Worker bees, despite being sterile, still retain vestigial female reproductive organs, and in fact in some species may be able to regain limited reproductive capacity under certain circumstances (though they never get as prolific as proper queens). Additionally, while males and females are distinguished genetically (females are XX while males are X), queens and workers are distinguished after hatching according to how they are fed. Even if "male" and "female" is not necessarily the most important distinction by which to classify them (queens and workers are both female but are very different from each other), it is still a valid distinction, just as distinguishing humans by hair color is valid but not very useful (but probably not even quite as useless as that example).
This is contrasted with termites which have both sterile males and sterile females, even though the distinction is pretty academic since they won't be reproducing anyway.
In the parthenogenetic example, there are many species (including other whiptail lizard species) which have both males and females, and where females are capable of conceiving either by parthenogenesis or by having sex with a male (either way, they proceed to lay an egg in pretty much the same way). Females of those species which are all-female behave exactly the same way - they conceive through parthenogenesis and lay eggs, as a female is expected to - except there happen to not be any males around. In fact, these females of all-female species are often still capable of forming hybrid offspring with males of closely-related species.
These females in an all-female population are also clearly distinct from, say, hermaphrodites in an all-hermaphrodite population, even though both are "one-gender" systems (the latter are capable of exchanging genetic information through sex, while the former are not) - so unlike the queen and worker example, I would say that analyzing these lizards as female is not only valid, but also useful and relevant.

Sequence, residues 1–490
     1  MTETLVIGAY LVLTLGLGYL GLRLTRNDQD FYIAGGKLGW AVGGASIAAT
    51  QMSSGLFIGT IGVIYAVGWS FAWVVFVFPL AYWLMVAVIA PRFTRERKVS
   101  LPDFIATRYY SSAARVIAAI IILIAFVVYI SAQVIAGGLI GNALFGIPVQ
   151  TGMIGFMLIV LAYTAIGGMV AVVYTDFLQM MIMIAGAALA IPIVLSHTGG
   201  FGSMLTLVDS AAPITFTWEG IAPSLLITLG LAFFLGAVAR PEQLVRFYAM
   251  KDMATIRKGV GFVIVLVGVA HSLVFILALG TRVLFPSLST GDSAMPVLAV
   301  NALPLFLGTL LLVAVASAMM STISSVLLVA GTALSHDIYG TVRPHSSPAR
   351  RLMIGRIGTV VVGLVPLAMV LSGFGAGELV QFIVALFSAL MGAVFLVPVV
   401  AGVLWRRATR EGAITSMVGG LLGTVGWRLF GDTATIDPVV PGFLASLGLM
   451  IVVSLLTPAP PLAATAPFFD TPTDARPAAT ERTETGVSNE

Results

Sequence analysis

Another example is seahorses, where it's the male that gets "pregnant" (more accurately, the female lays her eggs into the male's body, and the male has special equipment for taking care of them until they hatch), but they still recognizably belong to those genders due to the rest of their reproductive biology, and it would not be accurate to call the ones that get pregnant "females" over that alone. In fact, knowing that "laying eggs" is something that females do, it is not that unreasonable to imagine one doing it into a male's body.
Wow, I never seen a conversation like this get so deep with the info.
Anyways, pronouns with Moth are going to be confusing from now on...
Wanted to point out that comments have taught me more about trees that i knew before this post.
So, if the gender un-swap thing is out of Tree's domain...
That begs the question, who's domain would it be?
If you turn me into a male cedar and then back into a human, will I be a male human?
Might consider a word limit on the comments...just sayin'.
Moth doesn't really look female. He looks like a man with breasts.
Floranne's gonna explode in wrath.
@paperclip: Last panel of the previous update had him looking a lot more female, It's just the varying art styles.
so, if the tree can't change moth back into a guy, will they add changing him/her back onto the quest list along with whatever they need to get for the tree, or will they just keep him/her like that? to be honest, i hope it's the latter, this comic needs some more yuri romance.
@paperclip: I reckon Tea's the one likely to explode with wrath.
Darius Drake (Guest):
@paperclip: I disagree about the word limit. It wouldn't help matters, just make people use two or more posts for a single arguement. It'll also mean that it'll become harder to skip a "I'm making an arguement" post if you're not interested.
Awesome bonus pic uberlentil.
Also is it just me or does this webcomic not have a TVtropes page yet?
On this page alone:
Joined your party
And probably some other's I haven't thought of yet.
update this week?
Hey I just remember something that is mentioned one of the first comics. Remember that melody had an outrageously old map, Well we didn't think about it at time because it was the beginning and we thought meh just bad supply but now we no about the freezing it makes perfect sense, she probably had it with her t the time
Frosty the ? (Guest):
That's possible - the old duck lady fixed the map for her. Good one, Snowstreak!
Darius Drake (Guest):
I disagree, Snowsteak. I suspect that it's more likely that one of the Winter Maidens owned that map, and it was given to Melody. Remember, there is still a significant amount of her history that we don't know about.
Essentially all of her life between ages (I'm assuming) 7 and 16 (the time when she was frozen to about now) is a complete mystery, and it's more likely that she would have gotten her map during that period.
Hey, there is an update coming for this week, I just don't have it quite finished yet. Might be monday night or tuesday.